Noam Chomsky wrote: "It is quite possible ... that we will always learn more about human life and personality from novels than from scientific psychology." In Proust Was a Neuroscientist, Jonah Lehrer wrote: "A single day, rendered intensely, can become a vivid window into our psychology."

The first time I taught Theories of Personality at The University of Tennessee, I had my students read parts of Beneath the Mask and The Cult of Personality Testing as an introduction to the topic. In the second half of the course I had the students read three novels in the following order:

1. Mrs. Dalloway by Virginia Woolf (1925)             
2. The Hours by Michael Cunningham (1998)
3. Saturday by Ian McEwan (2005)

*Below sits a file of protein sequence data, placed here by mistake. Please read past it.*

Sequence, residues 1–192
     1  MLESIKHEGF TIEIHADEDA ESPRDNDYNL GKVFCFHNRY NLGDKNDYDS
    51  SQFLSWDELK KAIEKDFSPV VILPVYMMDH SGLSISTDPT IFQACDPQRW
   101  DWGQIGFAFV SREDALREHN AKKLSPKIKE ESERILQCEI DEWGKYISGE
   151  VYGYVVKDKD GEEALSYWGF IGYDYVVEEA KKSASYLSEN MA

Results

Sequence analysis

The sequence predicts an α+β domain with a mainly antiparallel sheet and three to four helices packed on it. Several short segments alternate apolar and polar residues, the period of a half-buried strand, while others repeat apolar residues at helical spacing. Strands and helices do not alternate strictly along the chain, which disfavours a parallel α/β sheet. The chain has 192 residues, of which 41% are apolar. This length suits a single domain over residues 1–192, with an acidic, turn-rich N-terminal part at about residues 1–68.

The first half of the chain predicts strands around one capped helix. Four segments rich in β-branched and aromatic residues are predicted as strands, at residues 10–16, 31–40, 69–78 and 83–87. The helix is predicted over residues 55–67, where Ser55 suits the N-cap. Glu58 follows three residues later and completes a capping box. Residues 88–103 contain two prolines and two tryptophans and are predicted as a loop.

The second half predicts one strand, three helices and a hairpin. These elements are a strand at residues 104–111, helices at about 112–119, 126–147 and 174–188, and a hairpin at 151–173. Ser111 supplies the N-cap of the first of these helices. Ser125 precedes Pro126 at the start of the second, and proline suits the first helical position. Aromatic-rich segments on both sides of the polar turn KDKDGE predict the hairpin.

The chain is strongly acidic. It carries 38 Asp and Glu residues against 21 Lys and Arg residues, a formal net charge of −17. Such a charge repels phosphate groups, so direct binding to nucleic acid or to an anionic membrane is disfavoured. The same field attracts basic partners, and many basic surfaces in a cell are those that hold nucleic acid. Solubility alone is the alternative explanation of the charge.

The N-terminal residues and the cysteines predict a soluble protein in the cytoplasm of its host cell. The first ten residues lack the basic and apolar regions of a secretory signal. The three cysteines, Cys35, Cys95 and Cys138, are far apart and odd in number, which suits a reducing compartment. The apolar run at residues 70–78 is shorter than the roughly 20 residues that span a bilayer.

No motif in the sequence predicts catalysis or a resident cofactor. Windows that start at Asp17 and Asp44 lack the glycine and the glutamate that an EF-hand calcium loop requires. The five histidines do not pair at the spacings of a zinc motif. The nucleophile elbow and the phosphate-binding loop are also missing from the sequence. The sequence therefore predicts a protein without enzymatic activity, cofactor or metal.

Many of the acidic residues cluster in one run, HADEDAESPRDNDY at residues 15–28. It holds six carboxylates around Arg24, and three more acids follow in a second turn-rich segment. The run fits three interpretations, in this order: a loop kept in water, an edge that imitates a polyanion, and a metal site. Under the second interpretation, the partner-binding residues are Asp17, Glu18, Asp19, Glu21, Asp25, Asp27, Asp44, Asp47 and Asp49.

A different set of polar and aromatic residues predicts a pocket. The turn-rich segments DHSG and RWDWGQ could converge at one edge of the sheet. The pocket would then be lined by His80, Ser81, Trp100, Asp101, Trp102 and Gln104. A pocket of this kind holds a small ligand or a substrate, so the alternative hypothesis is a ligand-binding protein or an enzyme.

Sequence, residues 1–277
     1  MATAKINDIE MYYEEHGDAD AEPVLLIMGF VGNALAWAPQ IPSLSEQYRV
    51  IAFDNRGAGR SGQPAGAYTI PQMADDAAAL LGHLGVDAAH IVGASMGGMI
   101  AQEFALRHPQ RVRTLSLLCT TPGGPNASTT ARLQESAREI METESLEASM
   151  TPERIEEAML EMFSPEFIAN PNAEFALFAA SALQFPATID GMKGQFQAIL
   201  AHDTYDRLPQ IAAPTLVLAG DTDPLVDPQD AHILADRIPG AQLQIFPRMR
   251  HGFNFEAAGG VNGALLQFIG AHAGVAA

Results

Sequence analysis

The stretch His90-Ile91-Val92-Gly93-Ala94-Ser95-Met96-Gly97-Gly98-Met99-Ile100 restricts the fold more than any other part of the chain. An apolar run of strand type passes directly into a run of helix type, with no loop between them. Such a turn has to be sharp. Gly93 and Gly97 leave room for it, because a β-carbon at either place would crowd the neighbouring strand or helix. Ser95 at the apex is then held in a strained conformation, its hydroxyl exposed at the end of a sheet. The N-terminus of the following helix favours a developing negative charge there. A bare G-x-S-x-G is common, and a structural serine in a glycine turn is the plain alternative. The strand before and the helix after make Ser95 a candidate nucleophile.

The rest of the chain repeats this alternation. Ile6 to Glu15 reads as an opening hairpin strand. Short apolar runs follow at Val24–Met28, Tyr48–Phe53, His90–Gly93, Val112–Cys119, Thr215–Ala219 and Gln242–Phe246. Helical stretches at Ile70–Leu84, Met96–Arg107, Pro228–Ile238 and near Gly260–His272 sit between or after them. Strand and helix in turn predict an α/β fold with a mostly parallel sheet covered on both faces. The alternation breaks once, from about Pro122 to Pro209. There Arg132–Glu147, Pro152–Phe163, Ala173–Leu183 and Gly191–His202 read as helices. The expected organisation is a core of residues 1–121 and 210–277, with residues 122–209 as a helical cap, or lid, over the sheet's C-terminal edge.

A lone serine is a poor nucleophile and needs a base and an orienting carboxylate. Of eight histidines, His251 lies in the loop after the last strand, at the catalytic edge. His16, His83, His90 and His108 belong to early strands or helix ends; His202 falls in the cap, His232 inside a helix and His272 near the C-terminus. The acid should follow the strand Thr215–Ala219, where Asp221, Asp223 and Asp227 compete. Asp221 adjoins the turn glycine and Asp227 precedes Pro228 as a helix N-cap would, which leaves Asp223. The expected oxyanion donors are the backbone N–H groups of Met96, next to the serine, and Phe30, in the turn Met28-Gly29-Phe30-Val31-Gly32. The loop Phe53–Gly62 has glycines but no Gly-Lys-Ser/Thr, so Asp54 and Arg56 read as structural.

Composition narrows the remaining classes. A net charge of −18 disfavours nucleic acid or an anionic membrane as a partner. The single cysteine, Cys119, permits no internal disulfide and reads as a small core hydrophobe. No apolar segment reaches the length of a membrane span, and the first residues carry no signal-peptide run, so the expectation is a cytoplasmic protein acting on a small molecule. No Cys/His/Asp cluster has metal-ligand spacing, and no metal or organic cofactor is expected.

I also showed the movies Mrs. Dalloway and The Hours.

There are many similarities in the three novels. Each novel focuses on one day in the lives of the main characters. Each of the main characters is planning a party/celebration for the evening of that day. Each novel is framed by a tragedy near the end of the novel.

The three novels provide remarkable views of personalities in different times and contexts. They also offer the students an excellent introduction to Virginia Woolf. Student reactions to reading novels, as a means of studying personality were overwhelmingly positive.

Novels, Poetry, and Psychology

What can be learned about psychology from reading novels and poetry? How can novels and poetry be used to teach psychology?
Mark A. Hector, Ph.D.

Mark Hector is a Professor of Psychology at the University of Tennessee.

Most Recent Posts from Novels, Poetry, and Psychology

Have you ever read a novel that affected your life?

Have you ever read a novel that affected your life?

Personality and Virginia Woolf

"Teaching theories of personality using novels"